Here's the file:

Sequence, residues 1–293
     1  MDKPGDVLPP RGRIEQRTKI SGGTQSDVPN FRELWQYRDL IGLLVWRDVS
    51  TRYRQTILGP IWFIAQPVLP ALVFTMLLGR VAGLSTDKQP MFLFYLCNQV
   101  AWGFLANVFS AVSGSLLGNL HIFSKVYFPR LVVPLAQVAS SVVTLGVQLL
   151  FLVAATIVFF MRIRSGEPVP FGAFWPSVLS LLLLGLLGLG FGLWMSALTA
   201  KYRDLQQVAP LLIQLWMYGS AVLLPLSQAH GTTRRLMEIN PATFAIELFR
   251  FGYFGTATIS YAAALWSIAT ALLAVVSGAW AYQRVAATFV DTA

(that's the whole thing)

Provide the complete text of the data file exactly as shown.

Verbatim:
Sequence, residues 1–293
     1  MDKPGDVLPP RGRIEQRTKI SGGTQSDVPN FRELWQYRDL IGLLVWRDVS
    51  TRYRQTILGP IWFIAQPVLP ALVFTMLLGR VAGLSTDKQP MFLFYLCNQV
   101  AWGFLANVFS AVSGSLLGNL HIFSKVYFPR LVVPLAQVAS SVVTLGVQLL
   151  FLVAATIVFF MRIRSGEPVP FGAFWPSVLS LLLLGLLGLG FGLWMSALTA
   201  KYRDLQQVAP LLIQLWMYGS AVLLPLSQAH GTTRRLMEIN PATFAIELFR
   251  FGYFGTATIS YAAALWSIAT ALLAVVSGAW AYQRVAATFV DTA